1.   Pray and ask God to reveal to you what you’re good at, what gifts he’s given you, and then ask him to let you go on to use those gifts and to do those things that He made you to do for his glory.  In other words, ask him to help you find out what you were made to do and do it with all your might to the glory of God.  The people who achieve joy in this life do so because they are doing what God made them to do. You don't have to be a pastor to serve God. Rather, serve God in all that you do.

5.  Read your Bible and pray every day.  

Thanks for reading.  God bless.  PJ 

Posted by John Kline with

Why We Want to Call A Burmese Pastor

Part I:  Quick Overview

Look at all the exciting things that God is doing at Zion Church!  

  • The pews are filling up with those people who ministries and individuals within in the church are helping out of homelessness and other forms of poverty. 
  • There are now 150+ kids from local apartment complexes, most of them refugees, who regularly attend our Wednesday night programming.  As many as we can transport coming to Sunday School.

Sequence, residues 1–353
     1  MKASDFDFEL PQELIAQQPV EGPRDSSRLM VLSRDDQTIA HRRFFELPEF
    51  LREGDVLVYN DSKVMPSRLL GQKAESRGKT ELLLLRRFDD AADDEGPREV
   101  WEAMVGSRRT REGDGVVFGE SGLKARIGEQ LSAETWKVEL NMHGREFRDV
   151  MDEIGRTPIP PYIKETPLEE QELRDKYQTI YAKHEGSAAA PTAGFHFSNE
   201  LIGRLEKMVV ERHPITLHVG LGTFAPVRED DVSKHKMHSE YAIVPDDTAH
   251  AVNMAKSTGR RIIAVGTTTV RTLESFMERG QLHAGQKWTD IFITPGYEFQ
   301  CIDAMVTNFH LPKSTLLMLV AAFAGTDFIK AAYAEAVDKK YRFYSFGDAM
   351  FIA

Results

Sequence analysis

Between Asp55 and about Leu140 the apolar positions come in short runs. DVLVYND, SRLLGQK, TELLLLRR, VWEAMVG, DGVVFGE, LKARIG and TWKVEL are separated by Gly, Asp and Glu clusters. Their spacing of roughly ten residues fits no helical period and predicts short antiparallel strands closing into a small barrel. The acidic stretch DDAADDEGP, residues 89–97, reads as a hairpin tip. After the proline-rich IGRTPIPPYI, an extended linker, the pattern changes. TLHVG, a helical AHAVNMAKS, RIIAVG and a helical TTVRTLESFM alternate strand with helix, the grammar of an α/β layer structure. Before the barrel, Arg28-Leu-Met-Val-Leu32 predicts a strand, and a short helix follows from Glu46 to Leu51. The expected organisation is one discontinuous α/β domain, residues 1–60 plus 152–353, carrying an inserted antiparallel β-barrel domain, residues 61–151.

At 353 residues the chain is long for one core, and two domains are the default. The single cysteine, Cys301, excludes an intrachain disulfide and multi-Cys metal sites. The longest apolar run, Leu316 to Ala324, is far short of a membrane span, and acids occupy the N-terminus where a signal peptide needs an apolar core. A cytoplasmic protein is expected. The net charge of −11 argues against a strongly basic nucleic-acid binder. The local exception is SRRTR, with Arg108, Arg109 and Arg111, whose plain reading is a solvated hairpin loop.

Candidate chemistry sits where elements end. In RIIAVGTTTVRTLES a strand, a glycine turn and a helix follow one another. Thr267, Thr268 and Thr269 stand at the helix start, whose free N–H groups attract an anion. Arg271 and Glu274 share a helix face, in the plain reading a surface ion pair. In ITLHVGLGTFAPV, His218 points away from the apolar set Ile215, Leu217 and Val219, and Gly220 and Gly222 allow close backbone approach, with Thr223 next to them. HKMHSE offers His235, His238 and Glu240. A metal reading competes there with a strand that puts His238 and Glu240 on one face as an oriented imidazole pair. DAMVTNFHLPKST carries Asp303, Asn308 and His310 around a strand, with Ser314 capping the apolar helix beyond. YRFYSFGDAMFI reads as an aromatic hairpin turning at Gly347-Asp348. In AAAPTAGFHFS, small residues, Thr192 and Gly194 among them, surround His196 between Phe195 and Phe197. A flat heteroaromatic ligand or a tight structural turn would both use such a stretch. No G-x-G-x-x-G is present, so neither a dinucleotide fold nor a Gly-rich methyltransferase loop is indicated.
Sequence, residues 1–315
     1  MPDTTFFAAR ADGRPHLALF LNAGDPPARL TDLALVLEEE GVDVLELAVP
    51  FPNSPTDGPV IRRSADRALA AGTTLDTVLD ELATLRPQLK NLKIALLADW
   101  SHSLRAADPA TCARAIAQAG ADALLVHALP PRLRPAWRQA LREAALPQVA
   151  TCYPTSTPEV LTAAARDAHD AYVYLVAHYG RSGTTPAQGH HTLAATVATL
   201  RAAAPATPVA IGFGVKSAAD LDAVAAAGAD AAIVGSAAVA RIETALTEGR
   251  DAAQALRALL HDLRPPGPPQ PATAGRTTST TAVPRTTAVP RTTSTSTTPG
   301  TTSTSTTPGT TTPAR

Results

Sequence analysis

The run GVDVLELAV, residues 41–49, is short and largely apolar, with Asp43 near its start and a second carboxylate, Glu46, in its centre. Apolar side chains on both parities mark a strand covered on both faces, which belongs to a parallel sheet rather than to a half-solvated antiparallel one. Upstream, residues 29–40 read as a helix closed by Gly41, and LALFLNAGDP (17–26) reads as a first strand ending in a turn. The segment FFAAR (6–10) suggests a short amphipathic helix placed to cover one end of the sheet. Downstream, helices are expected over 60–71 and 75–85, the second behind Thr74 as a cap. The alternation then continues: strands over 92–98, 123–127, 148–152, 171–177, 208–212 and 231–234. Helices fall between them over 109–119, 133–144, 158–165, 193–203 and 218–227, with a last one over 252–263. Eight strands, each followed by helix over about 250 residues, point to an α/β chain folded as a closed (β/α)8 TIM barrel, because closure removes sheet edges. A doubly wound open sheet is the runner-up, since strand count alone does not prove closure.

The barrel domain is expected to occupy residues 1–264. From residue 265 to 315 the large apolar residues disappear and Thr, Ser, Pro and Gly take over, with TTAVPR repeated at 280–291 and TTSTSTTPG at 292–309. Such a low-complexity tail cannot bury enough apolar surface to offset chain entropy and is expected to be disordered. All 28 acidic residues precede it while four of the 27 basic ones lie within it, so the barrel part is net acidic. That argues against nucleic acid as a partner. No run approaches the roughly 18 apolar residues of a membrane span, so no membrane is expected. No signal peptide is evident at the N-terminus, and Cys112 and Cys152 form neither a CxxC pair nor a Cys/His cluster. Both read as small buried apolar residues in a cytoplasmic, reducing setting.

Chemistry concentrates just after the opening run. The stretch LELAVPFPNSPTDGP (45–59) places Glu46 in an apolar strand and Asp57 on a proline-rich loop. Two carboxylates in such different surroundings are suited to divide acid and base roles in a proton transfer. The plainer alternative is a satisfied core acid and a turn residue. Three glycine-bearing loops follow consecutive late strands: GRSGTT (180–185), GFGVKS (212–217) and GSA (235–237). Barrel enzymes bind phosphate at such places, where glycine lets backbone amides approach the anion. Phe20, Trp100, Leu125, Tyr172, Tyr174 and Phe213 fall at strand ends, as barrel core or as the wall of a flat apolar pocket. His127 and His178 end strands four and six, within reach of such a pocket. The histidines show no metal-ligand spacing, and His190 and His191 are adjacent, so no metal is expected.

• We are now serving 267 hot meals on Wednesday nights.
  • We have Arabic speaking Muslims attending on a regular basis.  They come to us for information about Jesus (Arabic Alpha), for help in getting established in our community, and for fellowship.
  • We are in the local elementary school every week helping to tutor kids.  We also provide transportation to an ever growing group of children to and from school.  We now provide weekend meals for 24 children identified by the school as not having adequate nutrition apart from the school breakfast and lunch programs.
  • We live and worship in a changing neighborhood.  More and more of our friends and neighbors are from other countries or are otherwise different from us.